1. The Ringmaster to Stone Cold Steve Austin: When I first saw the Ringmaster, I was actually excited. I’d only ever read about Austin in magazines so it was a thrill to see him wrestle for the WWF at the time. Though looking back at it now with context, it was a really shitty gimmick to foist on one of the hottest prospects in wrestling. Thankfully everybody at Titan Towers saw the light and allowed Austin to wear a gimmick that was better suited to him.

Jamie:

sultan5. The Sultan to Rikishi: This may be cheating slightly, based on the time between these two gimmicks. The god awful Sultan character was last seen in 1997 while the thong wearing, dancing Samoan – Rikishi – appearing in late 1999. Teaming with Too Cool, Rikishi was ridiculously popular in 2000; an accusation that was never levelled at the masked – and apparently tongueless – Sultan.

4. APA Bradshaw to JBL: Taking inspiration from Craig’s Bradshaw suggestion, I’ve gone for what I perceive to be the biggest leap this character made. From beer-drinking ass-kicker to wealthy stock market dickhead. Those two characters sound like polar opposites, but JBL made it work and moreover, made it make sense too. This is probably because – in a stereotype bursting twist – the real life John Leyfield could easily be described as a mix of APA Bradshaw and JBL.

3. Stevie Richards to Steven Richards: For me this is up there with JBL for total change in direction of a character. Stevie Richards did literally nothing in WWE and was probably only known as The Blue Meanie’s buddy. A haircut and Frank Grimes inspired makeover later and the now Steven Richards became a despised heel as leader of The Right To Censor, WWE’s parody of The Parent’s Television Council (PTC). The beauty of this gimmick is that it hung around for just the right amount of time, because it did have a shelf life. So while this did not exactly save Stevie Richards’ WWE career, it most certainly prolonged it.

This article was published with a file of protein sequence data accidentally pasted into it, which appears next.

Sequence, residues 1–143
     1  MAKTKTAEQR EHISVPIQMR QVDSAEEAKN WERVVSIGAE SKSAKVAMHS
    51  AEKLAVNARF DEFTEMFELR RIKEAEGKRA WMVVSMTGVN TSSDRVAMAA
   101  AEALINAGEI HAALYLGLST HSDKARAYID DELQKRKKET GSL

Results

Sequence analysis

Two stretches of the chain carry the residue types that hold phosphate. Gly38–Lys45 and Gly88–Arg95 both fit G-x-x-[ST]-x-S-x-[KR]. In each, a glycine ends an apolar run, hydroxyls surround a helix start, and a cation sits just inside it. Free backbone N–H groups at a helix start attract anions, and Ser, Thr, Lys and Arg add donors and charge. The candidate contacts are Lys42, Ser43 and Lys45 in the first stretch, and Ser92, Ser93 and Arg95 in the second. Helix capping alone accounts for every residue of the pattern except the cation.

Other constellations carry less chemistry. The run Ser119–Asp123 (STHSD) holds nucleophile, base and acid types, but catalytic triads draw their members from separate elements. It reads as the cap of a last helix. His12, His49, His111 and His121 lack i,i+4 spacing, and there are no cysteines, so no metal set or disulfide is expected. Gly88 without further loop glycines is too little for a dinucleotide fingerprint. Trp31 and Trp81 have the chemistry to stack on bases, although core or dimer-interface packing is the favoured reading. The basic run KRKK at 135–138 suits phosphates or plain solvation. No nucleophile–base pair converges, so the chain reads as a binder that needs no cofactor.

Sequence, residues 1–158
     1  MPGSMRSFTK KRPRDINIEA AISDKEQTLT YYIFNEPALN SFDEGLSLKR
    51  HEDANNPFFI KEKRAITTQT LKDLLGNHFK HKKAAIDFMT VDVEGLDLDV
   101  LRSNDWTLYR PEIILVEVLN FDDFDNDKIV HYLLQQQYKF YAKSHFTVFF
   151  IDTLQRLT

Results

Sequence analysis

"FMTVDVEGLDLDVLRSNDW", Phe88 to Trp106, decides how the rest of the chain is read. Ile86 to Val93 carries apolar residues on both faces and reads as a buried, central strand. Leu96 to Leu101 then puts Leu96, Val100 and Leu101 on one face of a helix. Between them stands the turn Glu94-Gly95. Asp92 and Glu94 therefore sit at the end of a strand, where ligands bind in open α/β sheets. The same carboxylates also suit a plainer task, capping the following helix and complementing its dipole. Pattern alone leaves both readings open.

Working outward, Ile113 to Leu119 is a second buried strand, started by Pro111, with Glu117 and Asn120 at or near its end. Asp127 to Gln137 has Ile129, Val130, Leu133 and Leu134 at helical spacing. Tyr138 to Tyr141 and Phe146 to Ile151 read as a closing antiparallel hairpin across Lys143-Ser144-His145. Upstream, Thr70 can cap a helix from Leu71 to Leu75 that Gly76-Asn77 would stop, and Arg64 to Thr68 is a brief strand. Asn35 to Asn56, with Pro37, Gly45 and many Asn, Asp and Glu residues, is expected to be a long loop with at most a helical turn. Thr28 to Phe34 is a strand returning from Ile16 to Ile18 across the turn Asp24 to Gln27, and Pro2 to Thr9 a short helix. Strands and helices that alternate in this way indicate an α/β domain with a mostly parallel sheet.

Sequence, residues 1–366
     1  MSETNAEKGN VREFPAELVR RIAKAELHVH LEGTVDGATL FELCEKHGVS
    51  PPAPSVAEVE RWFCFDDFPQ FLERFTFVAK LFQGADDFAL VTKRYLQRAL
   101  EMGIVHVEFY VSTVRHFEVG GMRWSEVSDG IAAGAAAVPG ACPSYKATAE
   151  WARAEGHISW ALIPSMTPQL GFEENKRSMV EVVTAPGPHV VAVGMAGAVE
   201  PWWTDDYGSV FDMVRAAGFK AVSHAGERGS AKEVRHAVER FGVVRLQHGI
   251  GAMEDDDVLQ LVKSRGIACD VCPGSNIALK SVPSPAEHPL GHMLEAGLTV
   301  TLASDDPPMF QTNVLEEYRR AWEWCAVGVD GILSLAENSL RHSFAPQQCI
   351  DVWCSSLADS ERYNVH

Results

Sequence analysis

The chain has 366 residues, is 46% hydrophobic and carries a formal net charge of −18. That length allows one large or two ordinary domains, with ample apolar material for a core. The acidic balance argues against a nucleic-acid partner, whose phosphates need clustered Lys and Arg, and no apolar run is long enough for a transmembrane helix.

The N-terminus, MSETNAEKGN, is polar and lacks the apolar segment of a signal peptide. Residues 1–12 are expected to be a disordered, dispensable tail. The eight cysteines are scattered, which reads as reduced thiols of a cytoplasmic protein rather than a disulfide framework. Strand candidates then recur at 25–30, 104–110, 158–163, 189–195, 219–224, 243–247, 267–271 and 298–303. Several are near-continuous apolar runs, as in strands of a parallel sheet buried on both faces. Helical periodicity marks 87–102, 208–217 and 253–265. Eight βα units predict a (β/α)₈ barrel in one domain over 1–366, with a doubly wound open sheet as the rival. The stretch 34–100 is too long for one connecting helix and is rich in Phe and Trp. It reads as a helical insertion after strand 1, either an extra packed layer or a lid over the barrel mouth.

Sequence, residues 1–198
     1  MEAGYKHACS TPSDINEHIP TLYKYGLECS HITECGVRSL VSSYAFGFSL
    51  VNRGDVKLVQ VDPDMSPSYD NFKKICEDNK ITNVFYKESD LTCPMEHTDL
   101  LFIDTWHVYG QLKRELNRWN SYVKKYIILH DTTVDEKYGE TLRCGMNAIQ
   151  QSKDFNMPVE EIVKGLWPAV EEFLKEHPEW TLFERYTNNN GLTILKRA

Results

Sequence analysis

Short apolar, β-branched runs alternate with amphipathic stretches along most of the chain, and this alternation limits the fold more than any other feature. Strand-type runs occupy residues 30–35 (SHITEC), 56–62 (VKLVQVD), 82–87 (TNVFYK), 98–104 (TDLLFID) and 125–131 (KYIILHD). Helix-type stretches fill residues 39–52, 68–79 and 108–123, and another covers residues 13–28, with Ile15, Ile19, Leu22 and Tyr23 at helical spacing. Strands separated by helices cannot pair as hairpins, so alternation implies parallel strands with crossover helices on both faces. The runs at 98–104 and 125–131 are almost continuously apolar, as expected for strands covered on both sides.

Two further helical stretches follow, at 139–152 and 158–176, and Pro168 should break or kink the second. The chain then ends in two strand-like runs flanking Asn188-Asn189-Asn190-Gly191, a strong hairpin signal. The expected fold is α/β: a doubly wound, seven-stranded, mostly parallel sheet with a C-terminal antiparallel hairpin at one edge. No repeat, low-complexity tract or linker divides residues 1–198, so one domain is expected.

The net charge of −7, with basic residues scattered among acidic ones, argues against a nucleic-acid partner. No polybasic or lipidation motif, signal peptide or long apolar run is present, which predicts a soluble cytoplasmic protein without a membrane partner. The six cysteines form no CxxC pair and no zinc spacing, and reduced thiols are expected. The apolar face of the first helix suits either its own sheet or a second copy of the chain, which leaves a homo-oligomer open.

Hardy Boyz2. Generic jobber Hardy Boyz to emo daredevil Hardy Boyz: For much the 90’s Matt and Jeff Hardy were recurring jobbers on WWE TV. They then became fixtures of Shotgun and Superstars as a thoroughly generic babyface tag team that occasionally picked up a win against the few acts lower on the card than them. Enter Doc Hendrix – sorry, Michael Hayes – some typically late 90’s baggy pants and death defying moves and you have a team successfully repacked and ready to attract scores of male and female fans.

1. Ruthless Aggression John Cena to Marky Mark John Cena: Prototype/Ruthless Aggression John Cena was never going to main event Wrestlemania. Save for one impressive performance against Kurt Angle, he was no different to the other large, heavily muscled men who appeared in WWE in the early 00’s. That was until the 2002 Smackdown Halloween party where he dressed as Vanilla Ice. Thereafter he basically became a wrestling Marky Mark, complete with his own one man Funky Bunch; Bull Buchanan. Ironically Mr Cena can now be found in movies alongside Marky Mark…… that’s Mark Wahlberg for those unfamiliar with pre-Eminem white rappers.

You can read all previous Top Five pieces here.

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2 thoughts on “Top Five Gimmicks That Saved A Wrestler’s Career

  1. Pingback: This Week in Wrestling 2016 week 23 | Ring the Damn Bell

  2. Can’t believe no one mentioned Fake Diesel to Kane. He literally went from a gimmick with about a 6 month shelf life to one approaching 20 years.

    Like